Beijing has successfully powered up its “artificial sun” nuclear fusion reactor for the first time, China’s People’s Daily reported on Friday. It’s designed to be a clean energy source, similar to the real Sun.

Made to replicate the natural reactions that occur in the sun using hydrogen and deuterium gases as fuels, the HL-2M Tokamak reactor is China’s largest and most advanced nuclear fusion experimental research device.

It is located in southwestern Sichuan province and was completed late last year. The reactor is often called an “artificial sun” due to the enormous heat and power it produces.

Men work inside a HL-2M Tokamak nuclear fusion reactor, dubbed as the “artificial sun,” under construction in Chengdu, Sichuan province, China. Picture taken June 5, 2019

© Reuters / Liu Haiyun

The HL-2M Tokamak uses a powerful magnetic field to fuse hot plasma and can reach temperatures of over 150 million degrees Celsius, approximately ten times hotter than the core of the Sun.

“The development of nuclear fusion energy is not only a way to solve China’s strategic energy needs, but also has great significance for the future sustainable development of China’s energy and national economy,” the People’s Daily reported.

The project is part of China’s involvement with the International Thermonuclear Experimental Reactor (ITER), based in France.

The Experimental Advanced Superconducting Tokamak (EAST), a nuclear fusion reactor dubbed as “artificial sun,” in Hefei, Anhui province, China November 14, 2018 © Reuters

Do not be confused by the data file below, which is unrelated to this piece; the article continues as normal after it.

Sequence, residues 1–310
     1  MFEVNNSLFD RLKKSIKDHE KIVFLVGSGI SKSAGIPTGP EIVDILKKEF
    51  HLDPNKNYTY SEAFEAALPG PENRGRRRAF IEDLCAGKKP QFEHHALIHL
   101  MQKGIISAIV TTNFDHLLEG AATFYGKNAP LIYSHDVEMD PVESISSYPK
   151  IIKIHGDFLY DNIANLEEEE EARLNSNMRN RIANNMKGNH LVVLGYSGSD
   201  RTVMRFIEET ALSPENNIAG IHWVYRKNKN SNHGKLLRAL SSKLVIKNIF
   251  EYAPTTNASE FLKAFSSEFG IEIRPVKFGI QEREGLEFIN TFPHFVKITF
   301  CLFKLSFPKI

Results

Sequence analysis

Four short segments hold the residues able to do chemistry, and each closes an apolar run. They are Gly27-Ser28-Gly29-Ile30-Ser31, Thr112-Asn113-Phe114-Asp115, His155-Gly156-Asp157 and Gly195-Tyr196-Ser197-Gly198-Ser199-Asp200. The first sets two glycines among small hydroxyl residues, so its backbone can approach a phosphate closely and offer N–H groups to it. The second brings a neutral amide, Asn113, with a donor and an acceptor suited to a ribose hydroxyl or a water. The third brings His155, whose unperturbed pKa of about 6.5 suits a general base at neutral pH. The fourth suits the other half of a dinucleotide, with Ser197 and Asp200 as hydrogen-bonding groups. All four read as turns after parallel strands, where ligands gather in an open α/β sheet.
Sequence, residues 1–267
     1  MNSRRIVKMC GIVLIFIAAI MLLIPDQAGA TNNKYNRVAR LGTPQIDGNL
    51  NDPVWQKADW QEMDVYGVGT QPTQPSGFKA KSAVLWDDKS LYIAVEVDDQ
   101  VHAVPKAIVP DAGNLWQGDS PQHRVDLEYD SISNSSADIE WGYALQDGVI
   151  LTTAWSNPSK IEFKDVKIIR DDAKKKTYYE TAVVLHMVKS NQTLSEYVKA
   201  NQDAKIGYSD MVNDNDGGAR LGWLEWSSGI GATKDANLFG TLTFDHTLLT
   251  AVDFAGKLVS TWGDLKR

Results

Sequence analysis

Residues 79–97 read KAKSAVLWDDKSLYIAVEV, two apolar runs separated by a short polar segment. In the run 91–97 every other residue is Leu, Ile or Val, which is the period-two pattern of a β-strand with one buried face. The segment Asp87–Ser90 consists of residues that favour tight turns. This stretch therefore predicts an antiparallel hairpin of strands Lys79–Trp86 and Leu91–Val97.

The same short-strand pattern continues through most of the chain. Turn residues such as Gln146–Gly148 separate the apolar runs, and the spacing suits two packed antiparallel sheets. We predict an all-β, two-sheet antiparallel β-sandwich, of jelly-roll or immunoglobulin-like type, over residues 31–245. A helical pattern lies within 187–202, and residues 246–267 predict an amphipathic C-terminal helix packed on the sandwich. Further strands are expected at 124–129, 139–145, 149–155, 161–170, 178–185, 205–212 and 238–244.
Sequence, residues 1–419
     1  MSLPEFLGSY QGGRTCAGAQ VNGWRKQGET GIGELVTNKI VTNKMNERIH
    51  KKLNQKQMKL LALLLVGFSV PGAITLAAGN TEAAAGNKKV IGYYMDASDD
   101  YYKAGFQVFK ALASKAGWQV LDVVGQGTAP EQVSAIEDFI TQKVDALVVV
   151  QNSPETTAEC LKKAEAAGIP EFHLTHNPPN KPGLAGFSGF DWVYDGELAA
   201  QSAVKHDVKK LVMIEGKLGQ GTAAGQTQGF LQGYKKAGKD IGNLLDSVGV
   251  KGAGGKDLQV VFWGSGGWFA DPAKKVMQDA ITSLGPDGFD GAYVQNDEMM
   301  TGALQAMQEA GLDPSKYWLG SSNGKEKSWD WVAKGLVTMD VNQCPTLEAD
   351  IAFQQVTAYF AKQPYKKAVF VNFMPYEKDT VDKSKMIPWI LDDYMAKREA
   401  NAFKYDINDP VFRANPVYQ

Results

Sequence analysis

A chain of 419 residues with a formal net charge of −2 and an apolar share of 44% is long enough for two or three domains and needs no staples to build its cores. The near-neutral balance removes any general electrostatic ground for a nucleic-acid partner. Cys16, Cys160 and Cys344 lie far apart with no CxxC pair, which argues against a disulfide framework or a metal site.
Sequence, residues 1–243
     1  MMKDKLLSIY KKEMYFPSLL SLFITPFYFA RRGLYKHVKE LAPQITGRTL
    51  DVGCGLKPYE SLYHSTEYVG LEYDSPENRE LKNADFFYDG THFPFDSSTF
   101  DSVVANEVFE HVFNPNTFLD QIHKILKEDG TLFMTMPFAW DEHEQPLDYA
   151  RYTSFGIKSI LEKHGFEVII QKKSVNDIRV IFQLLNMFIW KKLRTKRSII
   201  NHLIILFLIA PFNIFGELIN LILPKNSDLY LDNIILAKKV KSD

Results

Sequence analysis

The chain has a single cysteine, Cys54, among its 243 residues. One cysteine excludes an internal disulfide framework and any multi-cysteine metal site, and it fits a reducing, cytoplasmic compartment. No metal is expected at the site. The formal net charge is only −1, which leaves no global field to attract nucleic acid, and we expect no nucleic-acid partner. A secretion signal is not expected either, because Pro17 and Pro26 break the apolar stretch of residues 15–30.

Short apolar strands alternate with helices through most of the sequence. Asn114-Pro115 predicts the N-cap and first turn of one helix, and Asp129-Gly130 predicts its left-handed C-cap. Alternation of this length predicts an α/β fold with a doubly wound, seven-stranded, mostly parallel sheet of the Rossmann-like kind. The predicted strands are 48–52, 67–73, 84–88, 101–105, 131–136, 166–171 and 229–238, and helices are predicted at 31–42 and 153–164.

The ITER is the world’s largest nuclear fusion project with a price tag of about €20 billion ($24 billion). It involves 35 countries and is expected to be completed in 2025.

Chinese scientists have been working on developing smaller versions of the nuclear fusion reactor, including the HL-2M Tokamak, since 2006.

A technician works on the Experimental Advanced Superconducting Tokamak (EAST), a nuclear fusion reactor dubbed as “artificial sun”, in Hefei, Anhui province, China. Picture taken November 14, 2018 © Reuters

Fusion is considered the Holy Grail of energy and is what powers the Sun, but achieving fusion is both extremely difficult and prohibitively expensive.

By harnessing the power produced through nuclear fusion it is possible to tap into almost limitless clean energy. Researchers around the world have been trying to attain that goal for decades. The main issue has been finding an affordable way to contain piping hot plasma in one space and keeping it stable enough for fusion to occur.

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